Factorio runs on Apple Silicon

“You don't have a voltmeter. Do you have a potato?”

jasonhansel
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4d
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Technology
DIY.STACKEXCHANGE.COM

Comments

userbinator 4d
This reminds me of the old trick to detect the polarity of the ignition coil on an engine, using a pencil.
SicSemperUranus 4d
Don't forget to cook and eat that potato!
krackers 4d
Ah I thought this would be a new take on that apocryphal bayesian story

>An engineer draws a random sample of electron tubes and measures their voltage. The measurements range from 75 to 99 volts. A statistician computes the sample mean and a confidence interval for the true mean. Later the statistician discovers that the voltmeter reads only as far as 100, so the population appears to be 'censored'. This necessitates a new analysis, if the statistician is orthodox. However, the engineer says he has another meter reading to 1000 volts, which he would have used if any voltage had been over 100. This is a relief to the statistician, because it means the population was effectively uncensored after all. But, the next day the engineer informs the statistician that this second meter was not working at the time of the measuring. The statistician ascertains that the engineer would not have held up the measurements until the meter was fixed, and informs him that new measurements are required. The engineer is astounded. "Next you'll be asking about my oscilloscope".

tux 4d
Sometimes low-tech works best can litterly save your life. This kind of reminds me how you can start a fire with a watter bottle [1].

Good job MTA @ diy.stackexchange.com for recommening this and jasonhansel @ HN for posting it.

[1] https://www.youtube.com/watch?v=QwQJ-3pZfwc

briHass 4d
I remember this from the old 'potato clock' science kits from the 80s. They had a copper cathode and zinc anode that when inserted into a potato (most fruit/vegetables or acidic liquids also worked) generated enough power to run a small LCD clock. In a potato, the copper cathode always left a green spot.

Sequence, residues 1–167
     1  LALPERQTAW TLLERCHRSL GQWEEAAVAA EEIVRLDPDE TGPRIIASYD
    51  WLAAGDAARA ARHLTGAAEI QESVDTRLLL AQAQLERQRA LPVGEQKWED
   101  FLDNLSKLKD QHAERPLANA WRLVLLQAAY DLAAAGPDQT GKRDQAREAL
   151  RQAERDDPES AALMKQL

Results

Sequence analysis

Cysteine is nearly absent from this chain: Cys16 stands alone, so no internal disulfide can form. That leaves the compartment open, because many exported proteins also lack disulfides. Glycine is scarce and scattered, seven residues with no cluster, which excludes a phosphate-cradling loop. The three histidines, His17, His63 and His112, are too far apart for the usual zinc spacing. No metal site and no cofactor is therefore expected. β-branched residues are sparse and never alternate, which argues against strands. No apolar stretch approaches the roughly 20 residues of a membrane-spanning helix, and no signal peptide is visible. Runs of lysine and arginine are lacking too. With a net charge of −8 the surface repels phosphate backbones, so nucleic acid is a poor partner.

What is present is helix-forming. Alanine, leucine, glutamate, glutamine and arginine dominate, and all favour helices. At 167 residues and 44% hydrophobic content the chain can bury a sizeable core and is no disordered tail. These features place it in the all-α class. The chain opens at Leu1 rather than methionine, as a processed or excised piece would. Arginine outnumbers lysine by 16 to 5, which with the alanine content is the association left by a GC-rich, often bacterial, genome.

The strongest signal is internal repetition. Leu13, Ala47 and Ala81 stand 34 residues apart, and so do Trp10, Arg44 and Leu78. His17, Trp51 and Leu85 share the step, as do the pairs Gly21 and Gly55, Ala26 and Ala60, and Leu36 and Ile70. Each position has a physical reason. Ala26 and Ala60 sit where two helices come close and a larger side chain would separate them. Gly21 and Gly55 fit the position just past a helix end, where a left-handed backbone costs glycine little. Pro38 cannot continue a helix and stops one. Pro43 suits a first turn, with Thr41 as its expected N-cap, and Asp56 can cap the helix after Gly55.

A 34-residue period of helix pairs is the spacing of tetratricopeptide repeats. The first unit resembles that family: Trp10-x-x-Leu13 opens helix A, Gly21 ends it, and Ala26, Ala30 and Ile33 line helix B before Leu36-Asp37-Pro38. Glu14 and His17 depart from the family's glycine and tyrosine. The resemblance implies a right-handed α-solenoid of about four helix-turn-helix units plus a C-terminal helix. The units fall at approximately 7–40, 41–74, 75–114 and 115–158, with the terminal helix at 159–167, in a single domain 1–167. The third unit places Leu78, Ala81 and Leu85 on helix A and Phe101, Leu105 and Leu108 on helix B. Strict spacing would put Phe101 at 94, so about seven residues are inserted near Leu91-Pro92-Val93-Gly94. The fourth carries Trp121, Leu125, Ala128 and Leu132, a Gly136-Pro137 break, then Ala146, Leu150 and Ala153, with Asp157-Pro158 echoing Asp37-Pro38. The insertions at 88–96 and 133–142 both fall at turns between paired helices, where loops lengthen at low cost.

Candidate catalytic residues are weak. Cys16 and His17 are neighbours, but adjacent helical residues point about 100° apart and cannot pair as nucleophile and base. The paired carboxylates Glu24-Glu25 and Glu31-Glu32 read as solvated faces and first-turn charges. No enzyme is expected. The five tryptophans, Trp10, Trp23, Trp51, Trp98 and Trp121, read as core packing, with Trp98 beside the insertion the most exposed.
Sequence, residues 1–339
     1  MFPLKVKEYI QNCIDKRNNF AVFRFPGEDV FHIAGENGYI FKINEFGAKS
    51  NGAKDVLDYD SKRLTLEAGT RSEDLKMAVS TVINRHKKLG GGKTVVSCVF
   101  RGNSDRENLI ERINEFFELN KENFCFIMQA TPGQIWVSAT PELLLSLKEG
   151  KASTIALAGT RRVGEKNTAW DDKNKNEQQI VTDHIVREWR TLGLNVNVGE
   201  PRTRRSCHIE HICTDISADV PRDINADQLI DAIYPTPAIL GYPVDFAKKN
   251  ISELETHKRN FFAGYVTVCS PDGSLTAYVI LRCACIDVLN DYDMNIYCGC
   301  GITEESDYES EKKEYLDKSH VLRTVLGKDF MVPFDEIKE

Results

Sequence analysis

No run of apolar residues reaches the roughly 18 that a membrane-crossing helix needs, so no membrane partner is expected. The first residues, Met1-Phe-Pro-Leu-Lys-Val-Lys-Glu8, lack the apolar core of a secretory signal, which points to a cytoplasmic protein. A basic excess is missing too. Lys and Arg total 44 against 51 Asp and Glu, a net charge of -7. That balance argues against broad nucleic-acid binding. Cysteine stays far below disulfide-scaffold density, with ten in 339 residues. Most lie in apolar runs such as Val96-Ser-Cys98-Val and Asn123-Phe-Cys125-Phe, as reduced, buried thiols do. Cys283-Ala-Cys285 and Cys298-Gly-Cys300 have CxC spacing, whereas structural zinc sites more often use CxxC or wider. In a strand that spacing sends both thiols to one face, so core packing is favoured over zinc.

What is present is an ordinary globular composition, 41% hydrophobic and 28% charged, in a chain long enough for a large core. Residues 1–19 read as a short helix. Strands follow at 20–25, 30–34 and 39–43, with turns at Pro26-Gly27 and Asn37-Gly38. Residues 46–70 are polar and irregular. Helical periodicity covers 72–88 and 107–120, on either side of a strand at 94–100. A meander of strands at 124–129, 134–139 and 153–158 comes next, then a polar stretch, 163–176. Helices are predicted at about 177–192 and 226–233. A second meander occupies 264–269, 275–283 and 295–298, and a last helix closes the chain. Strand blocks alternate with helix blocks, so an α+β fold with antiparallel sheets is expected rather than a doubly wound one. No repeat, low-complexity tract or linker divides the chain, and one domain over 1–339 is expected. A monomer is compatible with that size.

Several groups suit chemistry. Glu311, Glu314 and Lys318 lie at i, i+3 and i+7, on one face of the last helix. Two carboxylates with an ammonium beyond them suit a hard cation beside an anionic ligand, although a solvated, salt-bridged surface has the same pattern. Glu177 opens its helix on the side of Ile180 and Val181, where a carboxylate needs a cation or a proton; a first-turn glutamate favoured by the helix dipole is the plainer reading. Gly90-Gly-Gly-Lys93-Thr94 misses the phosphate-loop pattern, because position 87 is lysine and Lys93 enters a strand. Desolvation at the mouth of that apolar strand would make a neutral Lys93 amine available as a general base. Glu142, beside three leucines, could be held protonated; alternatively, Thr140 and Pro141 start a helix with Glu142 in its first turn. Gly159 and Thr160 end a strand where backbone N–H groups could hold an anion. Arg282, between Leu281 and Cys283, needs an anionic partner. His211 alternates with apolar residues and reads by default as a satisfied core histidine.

altilunium 4d
Can anyone explain what's really happening here? Why green? Why potato?
danielodievich 4d
Great potato story. Loosely related story here. My late grandfather in Belarus (the land of potatoes) loved potatoes just like everyone around. Well, he was an electrician at the concrete/brick making factory for entirety of his career, from right after the war until he retired in the late 80ies. The amount of electricity used to fire the kilns for bricks is well known to be huge. He said that they'd see the rats scutter along the power lines on the wall and every once in a while they'd touch the rails wrong and disappear in the scintillating disintegration. Oh, and he let me weld random junk together with his own cobbled together electrical welding kit when I was like 8, oh I loved that so much. I miss him.
WheelsAtLarge 4d
How dangerous is this? Just thinking about working with live wires makes me nervous.
moring 4d
"Do not allow the bare wires to touch each other from this point on."

What happens if they touch? Note that this is while the adapter is unplugged, before sticking the wires into the potato, so shorting them isn't a concern. I can't really imagine that some kind of contamination is a problem since both wires are (probably) copper, nor would I expect any kind of reaction as long as it is unplugged.

emmanueloga_ 4d
Another neat trick in the same ballpark (but not involving a potato :-p) is to create a 220v to 110v adapter with a "resistance bridge".

Plugging two (hopefully pretty equal resistance) incandescent lights in series, each lamp should have a 110v potential difference... say:

A ----(60W lamp)-- B --(60W lamp)----- C

By plugging A and C "cables" to a 220V electrical outlet, one should be able to grab 110V from either A-B or B-C :-) (assuming both lamps have about the same resistance). Most electronic devices work with a wide range of input voltage any way, so it doesn't have to be extremely precise.

Eleison23 4d
The best touch in that story is how the poster works around the lack of a voltmeter by assuming the OP possesses a soldering iron and the skills to use it.
squarefoot 4d
Potato? Who needs a potato? A glass of salt water will suffice.

Just put the wires at some distance in the salt water and look. The wire emitting the blueish fog (chlorine) is the positive, and the one emitting bubbles (hydrogen) is the negative.

2-718-281-828 4d
Seems to be like the answer is making fun of the question which is pretty easy to answer with very simple and cheap tools.
thih9 4d
The level of cleverness and resourcefulness is impressive. To the point that it seems magic or makes me suspicious. I guess this is how the layman feels about instructions to delete System32 to add more RAM.
shultays 3d
There should be a step somewhere there that says "don't hold potato with hands while it is plugged"